September Community Reading Recs: Momentum

One mistake that I find myself making is over-relying on sheer willpower.

The reality is that our willpower is finite.

Building habits are the vehicle to push us through when our willpower is depleted. It allows us to keep up the momentum.

I realize there’s irony in talking about habits and momentum, as this is the first time in 8 months where I’m sending out this newsletter late.

It is exactly when you miss a deadline- even an arbitrary one – that it is the most critical to restart that habit and build up some  momentum again.

Momentum is what carries you through both the highs and lows, the good and the bad and everything in-between.

Every month, I share recommendations to 4 thought-provoking things I read – or in some cases – listened to in the last month.
The theme for this month’s newsletter is momentum.
  1. Walking away from the fast twitch
    There’s “urgent” and then there’s “important.” It is never been easier today to get sucked into all of the urgent tasks. The reality is it’s often the important tasks that are never urgent that build the most momentum and generate the biggest and best long-term results.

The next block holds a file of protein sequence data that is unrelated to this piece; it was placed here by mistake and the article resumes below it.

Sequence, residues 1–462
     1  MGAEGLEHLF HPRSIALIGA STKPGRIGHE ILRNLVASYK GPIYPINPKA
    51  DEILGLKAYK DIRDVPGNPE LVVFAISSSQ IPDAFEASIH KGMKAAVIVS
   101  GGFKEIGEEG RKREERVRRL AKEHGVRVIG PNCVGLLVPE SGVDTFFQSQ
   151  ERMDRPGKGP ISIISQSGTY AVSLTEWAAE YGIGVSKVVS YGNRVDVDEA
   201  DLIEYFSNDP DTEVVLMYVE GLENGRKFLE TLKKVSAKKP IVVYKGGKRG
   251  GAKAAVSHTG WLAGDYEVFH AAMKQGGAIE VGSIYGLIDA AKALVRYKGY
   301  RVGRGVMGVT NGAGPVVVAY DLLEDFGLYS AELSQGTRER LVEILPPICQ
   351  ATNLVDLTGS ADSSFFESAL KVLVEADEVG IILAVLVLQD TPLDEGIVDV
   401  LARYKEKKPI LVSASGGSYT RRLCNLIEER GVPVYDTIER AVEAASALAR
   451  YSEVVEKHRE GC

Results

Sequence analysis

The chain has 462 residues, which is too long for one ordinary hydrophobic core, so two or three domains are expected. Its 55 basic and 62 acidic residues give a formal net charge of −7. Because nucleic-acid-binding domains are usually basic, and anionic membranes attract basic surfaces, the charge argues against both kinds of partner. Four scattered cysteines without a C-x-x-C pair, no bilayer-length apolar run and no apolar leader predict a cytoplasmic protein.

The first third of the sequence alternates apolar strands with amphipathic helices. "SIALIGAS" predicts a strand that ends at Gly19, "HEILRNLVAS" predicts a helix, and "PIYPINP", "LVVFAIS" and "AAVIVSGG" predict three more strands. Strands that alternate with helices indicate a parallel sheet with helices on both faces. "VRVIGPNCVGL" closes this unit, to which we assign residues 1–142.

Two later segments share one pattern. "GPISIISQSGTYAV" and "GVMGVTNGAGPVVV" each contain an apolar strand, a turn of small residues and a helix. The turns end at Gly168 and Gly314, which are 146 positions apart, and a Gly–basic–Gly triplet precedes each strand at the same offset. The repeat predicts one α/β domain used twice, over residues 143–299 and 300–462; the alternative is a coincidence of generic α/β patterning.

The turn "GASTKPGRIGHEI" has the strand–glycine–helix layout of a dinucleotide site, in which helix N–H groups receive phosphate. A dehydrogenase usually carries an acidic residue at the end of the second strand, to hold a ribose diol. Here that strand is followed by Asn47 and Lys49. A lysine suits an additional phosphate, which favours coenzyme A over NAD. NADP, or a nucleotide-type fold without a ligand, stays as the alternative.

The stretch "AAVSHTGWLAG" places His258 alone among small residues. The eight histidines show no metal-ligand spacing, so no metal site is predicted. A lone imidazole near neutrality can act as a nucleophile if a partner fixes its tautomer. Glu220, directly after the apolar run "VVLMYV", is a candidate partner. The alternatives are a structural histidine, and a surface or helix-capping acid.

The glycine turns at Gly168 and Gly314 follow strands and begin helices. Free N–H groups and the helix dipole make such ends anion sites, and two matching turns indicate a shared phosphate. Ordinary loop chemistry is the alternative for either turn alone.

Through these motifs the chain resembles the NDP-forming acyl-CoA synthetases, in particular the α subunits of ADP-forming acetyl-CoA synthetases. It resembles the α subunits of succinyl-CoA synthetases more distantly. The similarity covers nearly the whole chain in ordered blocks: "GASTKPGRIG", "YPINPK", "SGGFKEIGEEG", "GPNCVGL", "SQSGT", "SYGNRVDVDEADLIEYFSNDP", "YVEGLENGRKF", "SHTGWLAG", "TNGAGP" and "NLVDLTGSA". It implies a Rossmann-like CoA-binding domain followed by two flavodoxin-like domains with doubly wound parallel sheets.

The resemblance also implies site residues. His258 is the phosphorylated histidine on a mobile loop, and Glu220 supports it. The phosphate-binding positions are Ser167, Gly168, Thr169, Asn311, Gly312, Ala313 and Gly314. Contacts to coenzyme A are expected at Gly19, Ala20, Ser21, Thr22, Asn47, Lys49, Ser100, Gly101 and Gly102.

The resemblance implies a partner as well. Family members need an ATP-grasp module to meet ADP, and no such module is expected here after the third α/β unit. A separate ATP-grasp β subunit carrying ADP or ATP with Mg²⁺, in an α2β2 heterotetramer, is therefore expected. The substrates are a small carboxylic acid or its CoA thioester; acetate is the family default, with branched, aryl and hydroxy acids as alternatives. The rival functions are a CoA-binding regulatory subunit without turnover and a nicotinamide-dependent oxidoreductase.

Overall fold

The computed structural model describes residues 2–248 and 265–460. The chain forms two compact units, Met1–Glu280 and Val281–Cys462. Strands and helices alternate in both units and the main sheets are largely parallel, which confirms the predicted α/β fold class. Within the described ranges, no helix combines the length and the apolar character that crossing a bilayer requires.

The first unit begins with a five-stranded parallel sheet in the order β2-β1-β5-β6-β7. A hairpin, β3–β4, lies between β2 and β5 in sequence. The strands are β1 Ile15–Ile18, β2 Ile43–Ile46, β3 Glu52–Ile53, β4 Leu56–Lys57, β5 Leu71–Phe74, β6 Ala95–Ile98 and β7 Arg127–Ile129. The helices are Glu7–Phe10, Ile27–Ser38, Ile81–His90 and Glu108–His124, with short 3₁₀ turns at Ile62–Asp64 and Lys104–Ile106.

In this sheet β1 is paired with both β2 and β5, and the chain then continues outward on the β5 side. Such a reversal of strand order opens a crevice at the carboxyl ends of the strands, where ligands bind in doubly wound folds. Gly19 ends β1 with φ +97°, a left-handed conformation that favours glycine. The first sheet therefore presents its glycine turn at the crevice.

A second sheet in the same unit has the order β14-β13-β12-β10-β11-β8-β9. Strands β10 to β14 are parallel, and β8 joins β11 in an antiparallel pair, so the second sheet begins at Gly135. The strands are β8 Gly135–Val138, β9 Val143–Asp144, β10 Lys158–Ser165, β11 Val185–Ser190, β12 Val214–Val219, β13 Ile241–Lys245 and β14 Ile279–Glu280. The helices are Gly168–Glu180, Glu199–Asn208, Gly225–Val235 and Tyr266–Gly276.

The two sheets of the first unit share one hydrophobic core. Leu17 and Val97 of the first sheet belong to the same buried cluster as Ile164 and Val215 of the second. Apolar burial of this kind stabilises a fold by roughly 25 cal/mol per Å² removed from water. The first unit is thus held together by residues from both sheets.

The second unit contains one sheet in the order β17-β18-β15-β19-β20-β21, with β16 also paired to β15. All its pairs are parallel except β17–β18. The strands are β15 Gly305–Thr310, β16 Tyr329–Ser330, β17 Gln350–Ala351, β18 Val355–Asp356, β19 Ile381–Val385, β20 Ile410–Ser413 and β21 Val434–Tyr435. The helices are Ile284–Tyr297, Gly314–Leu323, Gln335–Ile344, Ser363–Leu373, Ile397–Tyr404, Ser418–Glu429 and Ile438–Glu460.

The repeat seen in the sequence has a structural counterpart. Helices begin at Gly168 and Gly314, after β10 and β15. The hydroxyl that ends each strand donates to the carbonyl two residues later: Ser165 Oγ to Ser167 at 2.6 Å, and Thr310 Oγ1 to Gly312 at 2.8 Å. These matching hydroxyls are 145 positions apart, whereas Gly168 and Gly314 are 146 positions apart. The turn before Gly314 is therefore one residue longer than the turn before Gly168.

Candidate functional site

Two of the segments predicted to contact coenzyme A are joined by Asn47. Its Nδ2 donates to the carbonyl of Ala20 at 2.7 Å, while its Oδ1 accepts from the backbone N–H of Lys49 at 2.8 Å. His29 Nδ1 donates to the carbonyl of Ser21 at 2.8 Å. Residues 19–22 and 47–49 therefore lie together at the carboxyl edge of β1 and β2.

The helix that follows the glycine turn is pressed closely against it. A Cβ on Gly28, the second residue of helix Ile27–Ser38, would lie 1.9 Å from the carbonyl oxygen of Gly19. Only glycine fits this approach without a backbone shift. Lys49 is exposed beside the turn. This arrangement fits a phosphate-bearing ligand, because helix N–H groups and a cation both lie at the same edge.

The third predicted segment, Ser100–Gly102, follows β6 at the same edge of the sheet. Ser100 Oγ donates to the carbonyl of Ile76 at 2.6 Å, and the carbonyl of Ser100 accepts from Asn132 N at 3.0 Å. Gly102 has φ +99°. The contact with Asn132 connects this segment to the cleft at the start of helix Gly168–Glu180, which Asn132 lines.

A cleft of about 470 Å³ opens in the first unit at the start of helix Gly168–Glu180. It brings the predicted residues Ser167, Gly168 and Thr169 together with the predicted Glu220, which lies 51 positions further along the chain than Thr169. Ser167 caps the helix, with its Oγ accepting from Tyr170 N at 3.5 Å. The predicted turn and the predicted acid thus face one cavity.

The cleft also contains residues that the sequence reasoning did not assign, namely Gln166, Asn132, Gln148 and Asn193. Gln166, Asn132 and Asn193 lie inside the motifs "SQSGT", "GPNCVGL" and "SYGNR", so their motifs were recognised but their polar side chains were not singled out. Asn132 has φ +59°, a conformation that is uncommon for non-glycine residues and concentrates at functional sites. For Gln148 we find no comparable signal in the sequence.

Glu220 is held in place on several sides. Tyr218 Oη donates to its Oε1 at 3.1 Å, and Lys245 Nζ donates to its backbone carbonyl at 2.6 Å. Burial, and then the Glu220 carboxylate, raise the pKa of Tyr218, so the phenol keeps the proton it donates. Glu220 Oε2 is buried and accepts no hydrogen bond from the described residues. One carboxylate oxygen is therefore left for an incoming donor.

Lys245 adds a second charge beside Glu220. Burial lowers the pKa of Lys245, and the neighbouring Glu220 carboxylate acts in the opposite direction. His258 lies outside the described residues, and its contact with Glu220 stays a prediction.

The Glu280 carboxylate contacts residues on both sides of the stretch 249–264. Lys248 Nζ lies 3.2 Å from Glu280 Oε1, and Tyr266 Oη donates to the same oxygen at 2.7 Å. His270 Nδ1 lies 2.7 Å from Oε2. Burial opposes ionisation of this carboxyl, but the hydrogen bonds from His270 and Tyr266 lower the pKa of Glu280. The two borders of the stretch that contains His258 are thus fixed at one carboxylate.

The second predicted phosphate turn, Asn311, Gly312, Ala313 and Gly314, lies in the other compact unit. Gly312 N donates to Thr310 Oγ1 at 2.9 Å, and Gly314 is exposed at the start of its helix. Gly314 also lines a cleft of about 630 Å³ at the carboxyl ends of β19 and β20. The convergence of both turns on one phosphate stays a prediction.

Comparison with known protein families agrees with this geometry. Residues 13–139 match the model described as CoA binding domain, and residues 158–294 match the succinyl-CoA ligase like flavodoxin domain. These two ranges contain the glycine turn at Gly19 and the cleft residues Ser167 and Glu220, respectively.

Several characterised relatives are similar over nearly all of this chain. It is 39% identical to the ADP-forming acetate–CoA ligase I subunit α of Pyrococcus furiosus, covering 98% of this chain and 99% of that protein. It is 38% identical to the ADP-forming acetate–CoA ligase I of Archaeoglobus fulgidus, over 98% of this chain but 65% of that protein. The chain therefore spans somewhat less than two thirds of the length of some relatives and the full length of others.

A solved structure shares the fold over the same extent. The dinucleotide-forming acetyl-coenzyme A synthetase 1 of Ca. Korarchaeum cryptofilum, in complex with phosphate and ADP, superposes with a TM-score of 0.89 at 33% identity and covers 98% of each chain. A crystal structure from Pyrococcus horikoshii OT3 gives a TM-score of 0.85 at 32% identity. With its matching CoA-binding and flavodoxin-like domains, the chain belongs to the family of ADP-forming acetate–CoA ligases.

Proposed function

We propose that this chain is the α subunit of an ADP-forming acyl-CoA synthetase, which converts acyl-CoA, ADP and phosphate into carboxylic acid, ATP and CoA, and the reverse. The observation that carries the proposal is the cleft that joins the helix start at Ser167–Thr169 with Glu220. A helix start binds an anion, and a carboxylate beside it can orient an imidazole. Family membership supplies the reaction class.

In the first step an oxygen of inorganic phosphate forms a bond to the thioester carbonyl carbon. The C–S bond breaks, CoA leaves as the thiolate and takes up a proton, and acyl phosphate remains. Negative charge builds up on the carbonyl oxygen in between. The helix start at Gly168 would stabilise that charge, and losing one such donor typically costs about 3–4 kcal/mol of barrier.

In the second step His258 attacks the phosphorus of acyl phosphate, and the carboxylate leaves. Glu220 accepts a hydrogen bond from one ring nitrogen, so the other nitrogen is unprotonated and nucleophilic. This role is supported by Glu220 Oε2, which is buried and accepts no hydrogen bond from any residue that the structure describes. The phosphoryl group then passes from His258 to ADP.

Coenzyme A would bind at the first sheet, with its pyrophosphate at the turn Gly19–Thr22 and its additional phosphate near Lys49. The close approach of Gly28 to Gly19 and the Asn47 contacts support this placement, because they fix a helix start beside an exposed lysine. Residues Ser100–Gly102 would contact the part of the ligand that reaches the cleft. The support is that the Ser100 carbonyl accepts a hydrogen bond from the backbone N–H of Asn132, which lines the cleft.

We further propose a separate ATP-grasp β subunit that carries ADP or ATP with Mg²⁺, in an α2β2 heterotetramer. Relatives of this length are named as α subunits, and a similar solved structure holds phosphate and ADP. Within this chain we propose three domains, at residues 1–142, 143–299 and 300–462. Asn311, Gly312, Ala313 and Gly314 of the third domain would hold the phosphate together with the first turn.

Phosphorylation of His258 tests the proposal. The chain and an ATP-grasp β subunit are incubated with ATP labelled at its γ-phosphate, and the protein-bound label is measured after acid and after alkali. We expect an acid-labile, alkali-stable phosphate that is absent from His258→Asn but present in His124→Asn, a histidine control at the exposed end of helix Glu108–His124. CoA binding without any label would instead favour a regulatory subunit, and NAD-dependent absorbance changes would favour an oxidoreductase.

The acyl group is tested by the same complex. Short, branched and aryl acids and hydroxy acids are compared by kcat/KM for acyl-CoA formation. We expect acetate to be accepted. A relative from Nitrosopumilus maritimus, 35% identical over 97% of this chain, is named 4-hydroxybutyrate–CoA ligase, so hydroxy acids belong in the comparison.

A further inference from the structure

2. Feeling Stuck? Change your environment. 
    Ever feel stuck on a problem? Then, you take a walk or head to a coffee shop and suddenly you have a million ideas or possible solutions. That’s because changing even a small thing in your environment or routine is a way to get out of a rut or help you solve a problem that you previously couldn’t solve.
  3. Daring Greatly 
    I recently reread Brene Brown’s book – “Daring Greatly.” I bet you are wondering what does a book about courage and vulnerability have to do with momentum? The reality is it has everything to do with this because without the courage to act when you may not be ready, you’ll never end up starting at all.
  4. Fits and Starts 
    I love the analogy that Jason uses in this post comparing progress made with driving on a racetrack. The fastest way to complete a lap on a track is to go really fast when driving in a straight line and then to wait until the last possible moment to slow down at turns resulting in a lot of jerky motions. The same approach can be said for working on a project or in a team. It can feel unnatural at first but often the fastest way to make progress is to go really fast in bursts and then slow down and start back again when you encounter obstacles.

What are you reading right now? Drop me an email, and let me know. The only thing I love more than reading is getting thoughtful recommendations for what I should read next.

*An earlier version of this post went out to my email subscribers. If you want to get first dibs on what I’m reading and the occasional update (I never send more than 2 emails per month), sign up here.